Face-saving Strategies in Responding to Gratitude Expressions: Evidence from Canadian English

Bernard Mulo Farenkia

Abstract


This study examines (politeness) strategies employed by a group of English-speaking Canadian University students when responding to gratitude expressions. Based on data collected by means of a Discourse Completion Task (DCT) questionnaire, the quantitative and qualitative study addresses functional, formal and situational aspects of responses to thanks. With regard to speakers’ strategies, the study reveals that the participants mostly preferred “minimizing the favour” and “expressing appreciation” in their responses. This finding suggests that native speakers of Canadian English seem to make the same choice as speakers of Irish English, American English and British English. In terms of the realization forms of responses to thanks, the results indicate that the participants mostly employed constructions with no problem, welcome and pleasure. With regard to the length of responses, it was found that the informants favoured simple responses to thanks much more often than complex responses. Also, social and power distance was found to play a role in the choice of the semantic strategies and the realization forms as well as in the move-structure and the length of the responses.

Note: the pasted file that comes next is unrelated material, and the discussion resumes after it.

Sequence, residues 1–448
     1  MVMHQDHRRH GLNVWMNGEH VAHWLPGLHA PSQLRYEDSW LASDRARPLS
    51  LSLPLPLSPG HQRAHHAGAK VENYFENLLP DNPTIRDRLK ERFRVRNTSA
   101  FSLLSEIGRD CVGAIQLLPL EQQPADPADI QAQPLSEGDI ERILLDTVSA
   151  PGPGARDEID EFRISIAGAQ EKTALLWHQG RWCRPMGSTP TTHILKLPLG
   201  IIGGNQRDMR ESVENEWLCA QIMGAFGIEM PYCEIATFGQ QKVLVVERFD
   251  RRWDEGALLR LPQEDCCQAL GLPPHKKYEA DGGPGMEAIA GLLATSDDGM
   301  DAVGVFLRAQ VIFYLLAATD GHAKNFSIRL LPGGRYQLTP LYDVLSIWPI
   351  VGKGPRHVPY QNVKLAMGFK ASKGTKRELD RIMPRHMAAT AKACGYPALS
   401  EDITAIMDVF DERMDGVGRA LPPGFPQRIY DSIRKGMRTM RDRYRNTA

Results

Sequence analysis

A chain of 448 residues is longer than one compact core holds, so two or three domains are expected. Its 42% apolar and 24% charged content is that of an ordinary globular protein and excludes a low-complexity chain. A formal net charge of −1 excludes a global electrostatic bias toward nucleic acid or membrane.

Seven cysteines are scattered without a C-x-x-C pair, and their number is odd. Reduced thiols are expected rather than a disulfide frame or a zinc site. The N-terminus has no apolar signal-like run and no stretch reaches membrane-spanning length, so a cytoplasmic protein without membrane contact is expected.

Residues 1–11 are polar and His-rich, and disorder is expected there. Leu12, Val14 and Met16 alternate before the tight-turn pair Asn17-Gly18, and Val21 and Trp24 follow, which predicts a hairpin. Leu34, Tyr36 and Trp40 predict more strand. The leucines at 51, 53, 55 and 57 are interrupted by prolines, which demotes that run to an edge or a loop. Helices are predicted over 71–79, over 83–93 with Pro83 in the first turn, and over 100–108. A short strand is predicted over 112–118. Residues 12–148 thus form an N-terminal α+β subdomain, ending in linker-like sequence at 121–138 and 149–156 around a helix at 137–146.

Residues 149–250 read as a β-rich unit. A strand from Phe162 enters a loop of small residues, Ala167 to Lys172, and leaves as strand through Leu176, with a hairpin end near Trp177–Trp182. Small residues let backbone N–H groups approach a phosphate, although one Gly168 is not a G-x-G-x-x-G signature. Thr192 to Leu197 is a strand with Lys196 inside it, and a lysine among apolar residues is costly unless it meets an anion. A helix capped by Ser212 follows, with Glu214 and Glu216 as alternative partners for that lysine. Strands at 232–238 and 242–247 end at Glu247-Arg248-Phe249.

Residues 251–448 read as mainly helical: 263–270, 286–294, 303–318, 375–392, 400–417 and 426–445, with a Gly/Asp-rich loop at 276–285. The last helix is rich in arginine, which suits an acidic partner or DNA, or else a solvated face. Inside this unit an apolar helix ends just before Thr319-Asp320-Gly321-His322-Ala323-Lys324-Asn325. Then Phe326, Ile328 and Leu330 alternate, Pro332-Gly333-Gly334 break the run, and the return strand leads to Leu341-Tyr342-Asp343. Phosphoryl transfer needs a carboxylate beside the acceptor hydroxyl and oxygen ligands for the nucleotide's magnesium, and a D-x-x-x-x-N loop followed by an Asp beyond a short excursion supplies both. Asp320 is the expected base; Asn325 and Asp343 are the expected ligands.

Full Text: PDF DOI: 10.5539/ijel.v2n4p1

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This work is licensed under a Creative Commons Attribution 3.0 License.

International Journal of English Linguistics   ISSN 1923-869X (Print)   ISSN 1923-8703 (Online)

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